Your Taxes: FATCA and OECD transparency legislation is coming to Israel

Each financial institution in Israel will be obliged to inquire about the identity of the holder of rights to accounts deposited with it.

April 23, 2014 04:42
2 minute read.
An accountant [illustrative photo]

An accountant calculator taxes 370. (photo credit: Ivan Alvarado / Reuters)


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In the classical rock song “Age of Aquarius” we are promised: “Harmony and understanding, Sympathy and trust abounding….”

Recently the Israel Tax Authority circulated a draft bill regarding the application in Israel of FATCA, the Foreign Account Tax Compliance Act of the United States.

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Pursuant to Israeli cabinet resolution No. 1490 of March 21, the government is in the final stages before signing an agreement between the government of the United States and the government of Israel to improve tax compliance and implement FATCA.

According to Annex 1 of this agreement, each financial institution in Israel would be obliged to inquire about the identity of the holder of rights to accounts deposited with it, to ascertain whether the holder is a US person as defined in the agreement (including US resident or citizen and a corporation or partnership formed in the US).

In the case of a US person, the financial institution will be required (after informing the holder and giving the holder an opportunity to deny being a US person) to notify the Israel Tax Authority of the existence of the account for forwarding to the US Internal Revenue Service.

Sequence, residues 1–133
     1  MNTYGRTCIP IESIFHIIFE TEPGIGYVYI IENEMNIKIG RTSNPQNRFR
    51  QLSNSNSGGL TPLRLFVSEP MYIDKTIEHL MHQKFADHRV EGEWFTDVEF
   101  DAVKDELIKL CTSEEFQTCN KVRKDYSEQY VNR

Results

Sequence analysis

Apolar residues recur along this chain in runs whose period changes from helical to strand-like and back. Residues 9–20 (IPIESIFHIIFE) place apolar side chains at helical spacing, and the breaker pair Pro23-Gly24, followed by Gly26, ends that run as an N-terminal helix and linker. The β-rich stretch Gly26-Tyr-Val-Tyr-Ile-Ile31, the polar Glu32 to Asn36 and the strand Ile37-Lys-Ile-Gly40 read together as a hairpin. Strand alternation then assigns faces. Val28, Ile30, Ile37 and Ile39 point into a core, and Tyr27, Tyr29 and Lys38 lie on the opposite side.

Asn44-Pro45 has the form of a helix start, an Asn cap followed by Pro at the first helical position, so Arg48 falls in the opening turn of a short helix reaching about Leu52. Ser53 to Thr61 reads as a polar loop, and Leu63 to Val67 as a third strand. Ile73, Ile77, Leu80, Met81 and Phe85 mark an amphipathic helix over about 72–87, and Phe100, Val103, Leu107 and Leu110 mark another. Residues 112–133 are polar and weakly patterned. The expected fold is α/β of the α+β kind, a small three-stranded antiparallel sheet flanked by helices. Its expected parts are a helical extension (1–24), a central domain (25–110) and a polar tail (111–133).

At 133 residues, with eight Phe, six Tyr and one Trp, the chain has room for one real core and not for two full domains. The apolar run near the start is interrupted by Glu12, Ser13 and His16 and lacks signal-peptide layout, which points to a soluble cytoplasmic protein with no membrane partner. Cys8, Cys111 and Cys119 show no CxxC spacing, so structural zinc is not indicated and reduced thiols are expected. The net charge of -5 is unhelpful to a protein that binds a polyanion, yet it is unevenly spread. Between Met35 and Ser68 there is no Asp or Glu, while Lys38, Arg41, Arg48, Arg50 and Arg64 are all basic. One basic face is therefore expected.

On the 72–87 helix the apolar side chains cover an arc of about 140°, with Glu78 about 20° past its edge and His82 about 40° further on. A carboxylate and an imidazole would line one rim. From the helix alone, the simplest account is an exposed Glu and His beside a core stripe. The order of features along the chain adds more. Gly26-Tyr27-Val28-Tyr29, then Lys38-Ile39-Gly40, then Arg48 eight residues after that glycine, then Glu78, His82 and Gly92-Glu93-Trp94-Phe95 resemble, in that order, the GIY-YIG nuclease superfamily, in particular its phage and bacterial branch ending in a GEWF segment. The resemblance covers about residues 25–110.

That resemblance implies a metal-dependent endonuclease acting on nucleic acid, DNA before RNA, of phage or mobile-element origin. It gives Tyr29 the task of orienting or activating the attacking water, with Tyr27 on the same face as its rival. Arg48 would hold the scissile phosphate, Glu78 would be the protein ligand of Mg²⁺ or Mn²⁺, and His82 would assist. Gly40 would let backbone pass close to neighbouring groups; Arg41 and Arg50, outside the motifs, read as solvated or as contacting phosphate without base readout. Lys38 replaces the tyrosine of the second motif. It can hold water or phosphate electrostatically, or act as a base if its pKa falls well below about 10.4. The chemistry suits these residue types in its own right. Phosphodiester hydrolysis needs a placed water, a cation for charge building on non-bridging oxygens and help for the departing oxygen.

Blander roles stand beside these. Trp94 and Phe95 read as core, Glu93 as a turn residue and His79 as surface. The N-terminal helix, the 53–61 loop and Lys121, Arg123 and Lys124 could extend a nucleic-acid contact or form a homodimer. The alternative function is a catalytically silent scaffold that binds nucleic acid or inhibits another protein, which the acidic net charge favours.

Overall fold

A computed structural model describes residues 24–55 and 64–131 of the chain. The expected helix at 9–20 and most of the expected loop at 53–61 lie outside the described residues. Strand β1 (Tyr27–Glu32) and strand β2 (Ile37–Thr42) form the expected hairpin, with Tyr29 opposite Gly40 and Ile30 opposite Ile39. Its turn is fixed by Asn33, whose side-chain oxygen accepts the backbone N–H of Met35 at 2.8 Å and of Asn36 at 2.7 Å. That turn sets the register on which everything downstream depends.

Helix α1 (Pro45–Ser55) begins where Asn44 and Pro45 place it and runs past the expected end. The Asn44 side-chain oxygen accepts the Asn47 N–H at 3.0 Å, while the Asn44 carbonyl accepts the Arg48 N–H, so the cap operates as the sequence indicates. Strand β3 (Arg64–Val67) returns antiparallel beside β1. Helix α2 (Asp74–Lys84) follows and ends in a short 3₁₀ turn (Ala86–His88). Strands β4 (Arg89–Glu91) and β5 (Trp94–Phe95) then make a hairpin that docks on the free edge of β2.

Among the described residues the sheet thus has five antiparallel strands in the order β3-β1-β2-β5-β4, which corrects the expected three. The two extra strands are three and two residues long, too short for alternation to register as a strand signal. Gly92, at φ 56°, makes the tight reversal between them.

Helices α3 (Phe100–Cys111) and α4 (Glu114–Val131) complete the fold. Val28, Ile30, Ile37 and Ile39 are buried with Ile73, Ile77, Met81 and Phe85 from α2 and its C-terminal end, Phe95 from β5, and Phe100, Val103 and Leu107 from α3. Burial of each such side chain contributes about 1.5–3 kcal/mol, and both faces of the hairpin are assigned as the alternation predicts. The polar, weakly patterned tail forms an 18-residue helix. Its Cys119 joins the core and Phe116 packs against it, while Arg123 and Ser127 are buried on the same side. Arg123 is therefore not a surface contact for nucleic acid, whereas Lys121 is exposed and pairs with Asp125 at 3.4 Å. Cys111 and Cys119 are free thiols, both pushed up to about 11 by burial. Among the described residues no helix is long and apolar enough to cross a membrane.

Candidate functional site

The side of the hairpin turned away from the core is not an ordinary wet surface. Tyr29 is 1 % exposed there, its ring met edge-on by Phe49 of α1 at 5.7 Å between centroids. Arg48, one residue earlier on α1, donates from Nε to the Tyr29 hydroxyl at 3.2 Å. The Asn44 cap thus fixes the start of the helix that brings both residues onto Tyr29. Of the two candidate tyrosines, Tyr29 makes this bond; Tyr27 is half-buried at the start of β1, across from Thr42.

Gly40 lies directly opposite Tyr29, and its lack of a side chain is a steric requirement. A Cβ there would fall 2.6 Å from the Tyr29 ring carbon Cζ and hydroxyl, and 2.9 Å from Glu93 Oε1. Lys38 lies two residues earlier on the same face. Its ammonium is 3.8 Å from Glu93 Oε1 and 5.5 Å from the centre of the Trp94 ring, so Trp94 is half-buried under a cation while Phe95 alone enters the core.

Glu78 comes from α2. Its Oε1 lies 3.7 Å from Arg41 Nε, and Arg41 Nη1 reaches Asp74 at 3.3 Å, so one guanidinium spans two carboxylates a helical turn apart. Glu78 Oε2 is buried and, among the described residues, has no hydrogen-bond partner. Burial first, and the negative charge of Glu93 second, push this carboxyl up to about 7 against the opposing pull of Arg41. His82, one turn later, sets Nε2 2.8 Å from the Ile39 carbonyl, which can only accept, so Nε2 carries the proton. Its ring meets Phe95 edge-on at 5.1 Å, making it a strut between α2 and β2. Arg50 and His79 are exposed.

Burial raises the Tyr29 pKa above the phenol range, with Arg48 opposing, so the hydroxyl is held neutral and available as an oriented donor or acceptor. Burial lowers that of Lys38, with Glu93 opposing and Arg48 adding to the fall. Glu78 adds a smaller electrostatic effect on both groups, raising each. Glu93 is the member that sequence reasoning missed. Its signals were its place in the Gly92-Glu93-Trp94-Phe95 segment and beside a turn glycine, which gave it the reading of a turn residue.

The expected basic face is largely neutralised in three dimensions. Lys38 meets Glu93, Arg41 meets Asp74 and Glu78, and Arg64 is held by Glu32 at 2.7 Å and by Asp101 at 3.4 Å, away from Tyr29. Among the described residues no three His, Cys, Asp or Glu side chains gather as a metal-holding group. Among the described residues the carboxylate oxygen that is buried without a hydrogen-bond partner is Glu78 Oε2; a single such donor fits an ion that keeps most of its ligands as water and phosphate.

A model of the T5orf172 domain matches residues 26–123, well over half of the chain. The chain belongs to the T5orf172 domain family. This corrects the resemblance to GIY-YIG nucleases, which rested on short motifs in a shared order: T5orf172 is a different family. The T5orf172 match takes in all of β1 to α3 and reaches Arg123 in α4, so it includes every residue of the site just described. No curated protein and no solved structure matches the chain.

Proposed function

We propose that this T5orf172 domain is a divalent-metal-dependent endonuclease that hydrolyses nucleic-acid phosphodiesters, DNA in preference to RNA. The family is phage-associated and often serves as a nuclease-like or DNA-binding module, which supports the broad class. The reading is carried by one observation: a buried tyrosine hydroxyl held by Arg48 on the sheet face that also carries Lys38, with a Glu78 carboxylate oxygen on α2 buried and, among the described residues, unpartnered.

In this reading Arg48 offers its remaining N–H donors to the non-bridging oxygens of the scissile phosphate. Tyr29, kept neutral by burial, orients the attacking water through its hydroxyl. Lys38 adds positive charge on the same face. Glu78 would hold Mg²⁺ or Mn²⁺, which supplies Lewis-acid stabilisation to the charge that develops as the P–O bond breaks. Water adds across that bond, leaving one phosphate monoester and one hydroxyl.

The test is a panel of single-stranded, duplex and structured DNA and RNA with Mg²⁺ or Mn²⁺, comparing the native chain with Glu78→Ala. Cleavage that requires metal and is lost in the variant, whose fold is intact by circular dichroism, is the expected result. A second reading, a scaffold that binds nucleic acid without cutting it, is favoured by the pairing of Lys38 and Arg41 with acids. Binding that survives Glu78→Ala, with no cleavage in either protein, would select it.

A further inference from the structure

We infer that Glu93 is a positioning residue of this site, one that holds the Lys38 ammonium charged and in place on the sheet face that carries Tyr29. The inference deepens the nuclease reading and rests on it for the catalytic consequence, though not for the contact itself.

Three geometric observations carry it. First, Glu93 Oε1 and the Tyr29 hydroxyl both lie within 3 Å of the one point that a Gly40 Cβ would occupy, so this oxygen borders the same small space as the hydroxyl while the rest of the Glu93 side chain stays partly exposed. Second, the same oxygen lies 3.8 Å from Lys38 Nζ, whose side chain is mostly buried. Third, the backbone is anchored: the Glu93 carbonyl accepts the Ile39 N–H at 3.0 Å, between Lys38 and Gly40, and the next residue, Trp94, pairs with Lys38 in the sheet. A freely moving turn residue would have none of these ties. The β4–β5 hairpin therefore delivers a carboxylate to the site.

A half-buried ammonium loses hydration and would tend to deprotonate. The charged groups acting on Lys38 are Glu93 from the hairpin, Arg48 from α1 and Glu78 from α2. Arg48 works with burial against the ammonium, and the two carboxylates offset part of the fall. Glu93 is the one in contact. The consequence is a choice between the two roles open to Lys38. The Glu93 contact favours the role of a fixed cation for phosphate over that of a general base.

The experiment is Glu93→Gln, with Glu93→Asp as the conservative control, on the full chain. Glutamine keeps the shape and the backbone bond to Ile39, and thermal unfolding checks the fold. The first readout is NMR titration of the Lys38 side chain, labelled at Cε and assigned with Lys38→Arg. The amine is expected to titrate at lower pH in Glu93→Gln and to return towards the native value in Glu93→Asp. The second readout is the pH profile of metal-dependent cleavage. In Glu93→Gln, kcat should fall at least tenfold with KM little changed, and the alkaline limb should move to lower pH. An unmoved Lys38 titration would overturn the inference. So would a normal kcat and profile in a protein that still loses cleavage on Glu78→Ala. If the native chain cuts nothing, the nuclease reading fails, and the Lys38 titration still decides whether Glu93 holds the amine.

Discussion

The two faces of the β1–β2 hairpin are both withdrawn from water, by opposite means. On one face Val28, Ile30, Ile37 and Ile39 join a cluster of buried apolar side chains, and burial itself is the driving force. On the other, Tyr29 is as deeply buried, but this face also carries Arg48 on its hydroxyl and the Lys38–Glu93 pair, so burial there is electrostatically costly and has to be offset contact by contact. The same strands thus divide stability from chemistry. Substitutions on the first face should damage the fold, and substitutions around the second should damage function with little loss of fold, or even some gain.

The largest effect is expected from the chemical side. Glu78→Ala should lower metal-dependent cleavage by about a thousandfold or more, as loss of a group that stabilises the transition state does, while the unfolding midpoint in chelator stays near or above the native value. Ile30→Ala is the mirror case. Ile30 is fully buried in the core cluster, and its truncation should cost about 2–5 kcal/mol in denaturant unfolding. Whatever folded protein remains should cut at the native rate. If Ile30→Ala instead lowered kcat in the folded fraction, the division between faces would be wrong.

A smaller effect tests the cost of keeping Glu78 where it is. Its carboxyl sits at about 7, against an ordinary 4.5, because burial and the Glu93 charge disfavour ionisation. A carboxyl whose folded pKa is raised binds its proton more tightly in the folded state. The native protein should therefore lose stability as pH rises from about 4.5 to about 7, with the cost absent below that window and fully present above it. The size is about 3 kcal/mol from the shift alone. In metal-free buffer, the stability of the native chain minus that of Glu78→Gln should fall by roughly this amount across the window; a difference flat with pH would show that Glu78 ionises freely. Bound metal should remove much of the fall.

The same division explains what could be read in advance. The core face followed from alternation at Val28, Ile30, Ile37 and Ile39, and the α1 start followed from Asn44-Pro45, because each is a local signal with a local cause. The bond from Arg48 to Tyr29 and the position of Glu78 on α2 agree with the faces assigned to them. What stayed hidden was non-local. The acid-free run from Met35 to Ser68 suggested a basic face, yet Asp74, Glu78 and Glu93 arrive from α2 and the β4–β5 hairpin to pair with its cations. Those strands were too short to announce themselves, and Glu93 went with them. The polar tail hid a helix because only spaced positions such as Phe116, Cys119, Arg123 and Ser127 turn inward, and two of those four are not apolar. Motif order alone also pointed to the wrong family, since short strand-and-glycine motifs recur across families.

For these purposes, financial institutions would include custodial deposit institutions, investment dealers and certain insurance companies. A holder would include any beneficiary as defined in the Anti-Money-Laundering Law, 2000.

It appears that once the bill is enacted by the Knesset, regulations will be issued setting out the procedure for transferring the information to the Israel Tax Authority.

The OECD has also issued a declaration on automatic exchange of information, whereby OECD member countries take upon themselves to apply in a uniform way automatic information exchange to implement the Multilateral Convention on Mutual Administrative Assistance in Tax Matters.

Every OECD country except Israel has apparently signed the multilateral convention. Israel is expected to do so shortly after passing the relevant enabling legislation.

For these purposes, financial institutions in Israel will again need to ascertain and report details of their account holders – all of them, not just US persons.

So there will be an overlap between the OECD requirements and the US FAT CA requirements.

To sum up, this is the dawning of a brave new age of transparency.

As always, consult experienced tax advisers in each country at an early stage in specific cases.

Leon Harris is a certified public accountant and tax specialist at Harris Consulting & Tax Ltd.

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